Press Release


The MdbK exhibition “Displacements/ Entortungen” initiates a dialogue between the oeuvre of the two internationally renowned artists Ayşe Erkmen (Istanbul) and Mona Hatoum (Beirut) in an unprecedented joint exhibition. Both Erkmen’s and Hatoum’s artistic vantage point is their reflection about the specifics of a place, and the connected questions of politics and society.












 




















 





























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Ayşe Erkmen and Mona Hatoum, Displacements

Museum der bildenden Künste, Leipzig (Germany)

18.11.2017 - 18.02.2018


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Exhibition November 18, 2017 - February 18, 2018. Museum der bildenden Künste Leipzig , Katharinenstraße 10 - 04109 Leipzig (Germany). T. +49 341 216 99 0.







 











 





 



























 





 











Ayşe Erkmen and Mona Hatoum, Displacements, Museum der bildenden Künste, Leipzig

© ArtCatalyse International / Marika Prévosto 2017. All Rights Reserved

Ayşe Erkmen, Glassworks, Installation View, Cadhame Halle Verriere, Meisenthal, Frankreich, 2015 © Ayşe Erkmen

Ayşe Erkmen, Glassworks, Installation View, Cadhame Halle Verriere, Meisenthal, Frankreich, 2015 © Ayşe Erkmen


Mona Hatoum, Hot Spot III, 2009

Mona Hatoum, Hot Spot III, 2009

Both artists integrate historical contexts of place in their art, and each finds unique processes of reflection about personal as well as global issues. The MdbK exhibition centers around the leitmotif of displacement. This entails the political dimension of being displaced, as well as the psychological dimension of displacing unconscious emotions, and a third dimension of undergoing a transformation as an artist.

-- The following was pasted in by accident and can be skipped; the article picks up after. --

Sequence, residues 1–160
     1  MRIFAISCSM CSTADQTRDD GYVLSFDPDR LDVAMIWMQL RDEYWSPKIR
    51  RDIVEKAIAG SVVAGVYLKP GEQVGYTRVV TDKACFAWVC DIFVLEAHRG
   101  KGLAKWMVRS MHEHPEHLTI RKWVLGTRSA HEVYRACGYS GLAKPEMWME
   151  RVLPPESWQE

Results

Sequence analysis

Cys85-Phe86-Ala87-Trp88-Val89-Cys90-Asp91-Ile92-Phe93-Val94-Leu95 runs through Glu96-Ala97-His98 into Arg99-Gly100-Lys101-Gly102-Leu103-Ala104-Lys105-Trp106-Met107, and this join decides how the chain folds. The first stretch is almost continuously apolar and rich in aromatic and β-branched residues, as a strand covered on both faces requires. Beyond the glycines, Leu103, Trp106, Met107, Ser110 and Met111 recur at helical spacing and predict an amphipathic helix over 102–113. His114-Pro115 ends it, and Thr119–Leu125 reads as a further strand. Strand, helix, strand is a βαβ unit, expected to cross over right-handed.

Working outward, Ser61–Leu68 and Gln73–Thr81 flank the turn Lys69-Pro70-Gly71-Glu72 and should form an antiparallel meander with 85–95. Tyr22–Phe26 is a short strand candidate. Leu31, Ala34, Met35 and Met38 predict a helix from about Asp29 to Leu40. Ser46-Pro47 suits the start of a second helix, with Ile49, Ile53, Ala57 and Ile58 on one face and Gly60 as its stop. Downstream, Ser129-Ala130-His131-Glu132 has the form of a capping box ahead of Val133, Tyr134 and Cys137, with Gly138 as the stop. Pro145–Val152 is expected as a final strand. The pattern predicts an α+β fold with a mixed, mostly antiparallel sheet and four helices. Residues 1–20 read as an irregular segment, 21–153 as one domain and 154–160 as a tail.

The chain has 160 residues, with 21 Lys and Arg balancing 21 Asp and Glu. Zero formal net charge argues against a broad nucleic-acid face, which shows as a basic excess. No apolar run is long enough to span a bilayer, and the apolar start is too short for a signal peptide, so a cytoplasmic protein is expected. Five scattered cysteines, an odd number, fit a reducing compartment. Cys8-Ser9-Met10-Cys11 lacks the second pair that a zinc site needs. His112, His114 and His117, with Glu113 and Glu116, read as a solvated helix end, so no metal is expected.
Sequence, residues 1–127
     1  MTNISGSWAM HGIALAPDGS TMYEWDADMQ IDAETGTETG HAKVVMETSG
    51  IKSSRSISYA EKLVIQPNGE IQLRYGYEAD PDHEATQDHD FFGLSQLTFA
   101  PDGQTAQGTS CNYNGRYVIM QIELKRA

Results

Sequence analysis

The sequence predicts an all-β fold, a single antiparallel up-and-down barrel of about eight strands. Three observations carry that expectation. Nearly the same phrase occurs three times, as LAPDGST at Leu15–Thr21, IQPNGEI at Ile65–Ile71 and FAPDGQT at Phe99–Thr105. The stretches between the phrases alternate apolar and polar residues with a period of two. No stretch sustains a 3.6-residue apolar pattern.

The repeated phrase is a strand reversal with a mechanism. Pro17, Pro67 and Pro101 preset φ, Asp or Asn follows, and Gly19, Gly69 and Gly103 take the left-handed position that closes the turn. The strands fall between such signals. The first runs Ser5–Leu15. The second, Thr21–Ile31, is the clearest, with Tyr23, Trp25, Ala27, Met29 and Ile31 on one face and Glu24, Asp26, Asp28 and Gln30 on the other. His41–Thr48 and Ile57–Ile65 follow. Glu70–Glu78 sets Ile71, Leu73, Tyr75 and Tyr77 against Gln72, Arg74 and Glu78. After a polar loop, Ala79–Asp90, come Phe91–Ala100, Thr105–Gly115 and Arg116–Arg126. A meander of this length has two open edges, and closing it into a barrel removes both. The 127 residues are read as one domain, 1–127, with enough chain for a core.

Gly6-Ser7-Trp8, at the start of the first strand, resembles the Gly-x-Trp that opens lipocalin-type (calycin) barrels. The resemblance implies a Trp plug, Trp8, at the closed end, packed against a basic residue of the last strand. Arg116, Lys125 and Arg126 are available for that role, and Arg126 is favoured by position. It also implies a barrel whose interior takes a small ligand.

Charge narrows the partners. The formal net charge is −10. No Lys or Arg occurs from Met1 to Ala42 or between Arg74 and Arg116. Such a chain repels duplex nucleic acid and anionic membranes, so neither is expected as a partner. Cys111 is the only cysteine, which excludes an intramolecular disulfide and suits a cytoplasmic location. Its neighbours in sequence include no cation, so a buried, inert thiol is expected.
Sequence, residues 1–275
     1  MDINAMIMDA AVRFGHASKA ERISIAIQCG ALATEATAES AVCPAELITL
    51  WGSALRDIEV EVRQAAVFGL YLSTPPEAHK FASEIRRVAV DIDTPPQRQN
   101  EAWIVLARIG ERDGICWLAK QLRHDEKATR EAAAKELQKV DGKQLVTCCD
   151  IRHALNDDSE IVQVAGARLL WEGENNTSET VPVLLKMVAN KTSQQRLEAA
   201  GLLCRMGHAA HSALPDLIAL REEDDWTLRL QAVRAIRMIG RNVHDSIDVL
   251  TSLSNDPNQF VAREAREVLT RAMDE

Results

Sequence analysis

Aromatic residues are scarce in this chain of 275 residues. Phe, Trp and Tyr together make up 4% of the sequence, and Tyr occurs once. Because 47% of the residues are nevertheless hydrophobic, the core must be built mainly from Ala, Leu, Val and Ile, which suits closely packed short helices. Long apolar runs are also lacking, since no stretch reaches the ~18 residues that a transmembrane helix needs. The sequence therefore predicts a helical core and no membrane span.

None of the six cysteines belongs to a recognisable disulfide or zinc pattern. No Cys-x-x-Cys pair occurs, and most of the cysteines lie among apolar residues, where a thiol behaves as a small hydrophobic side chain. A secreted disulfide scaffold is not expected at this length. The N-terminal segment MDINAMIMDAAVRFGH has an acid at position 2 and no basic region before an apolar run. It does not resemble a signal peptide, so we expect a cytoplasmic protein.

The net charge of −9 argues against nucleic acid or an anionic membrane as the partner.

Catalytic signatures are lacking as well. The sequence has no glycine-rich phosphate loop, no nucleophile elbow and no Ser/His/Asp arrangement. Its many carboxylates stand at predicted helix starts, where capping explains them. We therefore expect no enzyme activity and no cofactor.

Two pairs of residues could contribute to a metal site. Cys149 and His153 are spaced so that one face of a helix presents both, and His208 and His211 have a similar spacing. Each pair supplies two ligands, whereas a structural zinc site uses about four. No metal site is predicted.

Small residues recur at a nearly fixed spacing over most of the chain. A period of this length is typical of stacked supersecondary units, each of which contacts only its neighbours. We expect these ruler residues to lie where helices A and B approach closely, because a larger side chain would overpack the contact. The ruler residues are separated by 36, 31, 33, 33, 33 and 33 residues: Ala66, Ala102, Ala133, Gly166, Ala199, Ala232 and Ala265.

The width of the leitmotif touches upon a multitude of formal, personal and contextual aspects of art. Ayşe Erkmen conjures the peculiarities of specific places in her art installations, thereby mirroring social, topographical and cultural resources, as well as the institutional framework within which the installations are created. Erkmen resists extensive dwellings on stylistic questions, but instead she retains a unique artistic position that is related to place. In turn, Mona Hatoum gathers inspiration in the dimensions of space and her immediate environment. She makes use of the term ‘displacement’ in its sense of alienation and bewilderment. Her work features everyday objects in altered and enlarged shape, producing a picture of reality that is uncanny and antagonistic. Hatoum presents a world of disorientation and vulnerability, charged with conflict and opposites.


The artistic common ground of Erkmen and Hatoum can be found in the artists’ reinvention of familiar means of expression: through giving new connotations to standard material, their oeuvre adopts larger realms of interpretive meaning.